All Dane County buildings may soon be required to have a designated lactation room within the building to cater to nursing mothers.
If the Dane County Board passes a proposed resolution, it would require a private space with a locked door, lighting, a chair, an electrical outlet and ventilation in every county building. The rooms would also need to be advertised to the public as a place for nursing.
Dane County Board Supervisor Leland Pan, District 5, highlighted the importance of having an accessible, private space for mothers to use. Knowing there is a private lactation room in county buildings could also encourage higher attendance during county board meetings, Pan said.
“Though breastfeeding in public is legal, there is a stigma attached to women who do so during work or in public,” Pan said. “Sometimes women don’t want to expose themselves like that.”
The proposal’s author, Dane County Board Supervisor Heidi Wegleitner, District 2, is not alone in her belief women deserve a private, comfortable space to pump or breastfeed in all buildings owned and operated by the county. Twenty-eight of the 37 supervisors have signed on as sponsors to bring the resolution to fruition.
The resolution unanimously passed the Public Works and Transportation Committee Sept. 23 and could go before the Personnel and Finance committee Oct. 13. A full board vote would then be decided Oct. 23.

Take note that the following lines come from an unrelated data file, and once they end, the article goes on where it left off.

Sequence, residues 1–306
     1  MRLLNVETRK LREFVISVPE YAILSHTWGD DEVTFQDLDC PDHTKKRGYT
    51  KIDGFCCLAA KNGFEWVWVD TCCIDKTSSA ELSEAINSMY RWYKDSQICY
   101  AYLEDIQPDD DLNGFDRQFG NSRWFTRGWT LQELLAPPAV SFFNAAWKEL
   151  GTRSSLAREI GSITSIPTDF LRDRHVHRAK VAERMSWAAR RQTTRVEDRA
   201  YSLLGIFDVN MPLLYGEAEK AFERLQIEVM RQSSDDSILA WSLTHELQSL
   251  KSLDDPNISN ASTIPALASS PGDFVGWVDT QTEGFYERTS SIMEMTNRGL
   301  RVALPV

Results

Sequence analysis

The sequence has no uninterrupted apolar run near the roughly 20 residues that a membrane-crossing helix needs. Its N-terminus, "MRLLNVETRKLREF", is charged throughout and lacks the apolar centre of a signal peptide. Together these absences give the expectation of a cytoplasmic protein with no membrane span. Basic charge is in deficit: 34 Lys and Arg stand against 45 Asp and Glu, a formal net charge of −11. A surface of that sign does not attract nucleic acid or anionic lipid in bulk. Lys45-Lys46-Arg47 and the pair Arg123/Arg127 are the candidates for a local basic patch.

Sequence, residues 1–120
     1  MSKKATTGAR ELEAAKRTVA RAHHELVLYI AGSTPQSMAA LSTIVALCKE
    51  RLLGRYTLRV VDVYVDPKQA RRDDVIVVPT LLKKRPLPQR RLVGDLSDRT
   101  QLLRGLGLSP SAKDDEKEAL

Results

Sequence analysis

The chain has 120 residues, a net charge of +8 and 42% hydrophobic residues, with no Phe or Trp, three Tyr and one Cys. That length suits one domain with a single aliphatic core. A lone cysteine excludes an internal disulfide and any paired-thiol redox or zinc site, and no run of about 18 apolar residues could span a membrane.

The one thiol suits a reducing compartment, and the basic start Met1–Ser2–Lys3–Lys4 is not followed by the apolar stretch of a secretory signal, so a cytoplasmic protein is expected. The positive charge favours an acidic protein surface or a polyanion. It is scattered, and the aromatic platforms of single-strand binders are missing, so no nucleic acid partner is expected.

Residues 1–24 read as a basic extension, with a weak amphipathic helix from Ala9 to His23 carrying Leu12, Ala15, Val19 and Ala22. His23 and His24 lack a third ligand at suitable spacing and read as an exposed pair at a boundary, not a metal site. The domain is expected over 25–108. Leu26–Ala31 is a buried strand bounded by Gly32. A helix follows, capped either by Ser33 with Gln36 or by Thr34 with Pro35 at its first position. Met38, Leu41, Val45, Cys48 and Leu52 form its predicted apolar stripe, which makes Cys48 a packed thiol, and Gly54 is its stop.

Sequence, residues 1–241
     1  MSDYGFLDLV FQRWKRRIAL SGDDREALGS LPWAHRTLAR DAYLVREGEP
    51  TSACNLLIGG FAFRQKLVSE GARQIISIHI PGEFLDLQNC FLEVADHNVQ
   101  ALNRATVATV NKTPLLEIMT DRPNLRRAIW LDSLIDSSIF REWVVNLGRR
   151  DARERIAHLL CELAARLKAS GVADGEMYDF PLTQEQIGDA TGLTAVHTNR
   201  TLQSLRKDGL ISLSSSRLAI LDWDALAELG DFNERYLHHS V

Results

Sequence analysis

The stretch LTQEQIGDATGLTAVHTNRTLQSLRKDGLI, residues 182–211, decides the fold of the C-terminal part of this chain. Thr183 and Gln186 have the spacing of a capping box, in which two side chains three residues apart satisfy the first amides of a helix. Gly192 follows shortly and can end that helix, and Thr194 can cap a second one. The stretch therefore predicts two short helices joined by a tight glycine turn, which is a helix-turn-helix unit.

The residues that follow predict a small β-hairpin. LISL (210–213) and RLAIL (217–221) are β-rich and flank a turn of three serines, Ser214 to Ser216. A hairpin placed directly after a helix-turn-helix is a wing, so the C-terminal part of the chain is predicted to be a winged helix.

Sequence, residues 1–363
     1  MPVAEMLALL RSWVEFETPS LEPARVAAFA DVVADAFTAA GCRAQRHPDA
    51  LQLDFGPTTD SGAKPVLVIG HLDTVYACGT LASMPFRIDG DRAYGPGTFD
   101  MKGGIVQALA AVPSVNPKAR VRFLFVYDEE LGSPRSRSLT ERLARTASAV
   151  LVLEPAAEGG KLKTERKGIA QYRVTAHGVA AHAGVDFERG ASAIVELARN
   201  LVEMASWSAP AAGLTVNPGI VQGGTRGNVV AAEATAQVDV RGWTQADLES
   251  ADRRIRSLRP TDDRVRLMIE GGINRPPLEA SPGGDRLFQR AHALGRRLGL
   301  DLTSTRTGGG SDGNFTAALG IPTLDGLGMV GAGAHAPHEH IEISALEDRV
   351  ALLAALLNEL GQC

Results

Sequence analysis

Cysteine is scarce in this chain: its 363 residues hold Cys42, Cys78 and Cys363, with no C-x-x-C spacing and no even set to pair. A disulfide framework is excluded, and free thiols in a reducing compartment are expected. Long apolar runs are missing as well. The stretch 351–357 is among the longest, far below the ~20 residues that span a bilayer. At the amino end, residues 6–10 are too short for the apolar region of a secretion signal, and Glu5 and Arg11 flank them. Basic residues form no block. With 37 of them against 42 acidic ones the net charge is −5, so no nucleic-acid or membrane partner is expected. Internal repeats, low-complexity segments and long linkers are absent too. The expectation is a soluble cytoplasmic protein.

Jen Dittrich-Templin, parent resource specialist at the University of Wisconsin Office of Child Care and Family Resources, said she approves of the resolution and reflected on her own personal experiences with breastfeeding in public.
“When I was pumping, there were times when I would have to sit in my car or in front of a store,” Dittrich-Templin said. “You do what you have to do. It would be way more comfortable and it would encourage more mothers to breastfeed if there were safe, clean areas around the city.”
The resolution is not expected to cost a substantial amount of money due to the requirements of the proposal, Pan said.
“I don’t expect it to cost a significant amount because we wouldn’t be creating new space; we’d be finding a new space in existing buildings,” Pan said.
As to why policies have not been enacted before now, Dittrich-Templin offered insight into the present push for breastfeeding initiatives and the availability of private lactation rooms.
“I think there’s been a bigger push from the medical field,” she said. “They’re realizing kids who were breastfed have less health problems later and if you start from birth by giving these children healthy milk, they’ll have less health issues later.”
In response to National Breastfeeding Awareness Month in August, Pan explained how the resolution “is a continuing trend of us committing to providing support for women who are breastfeeding.”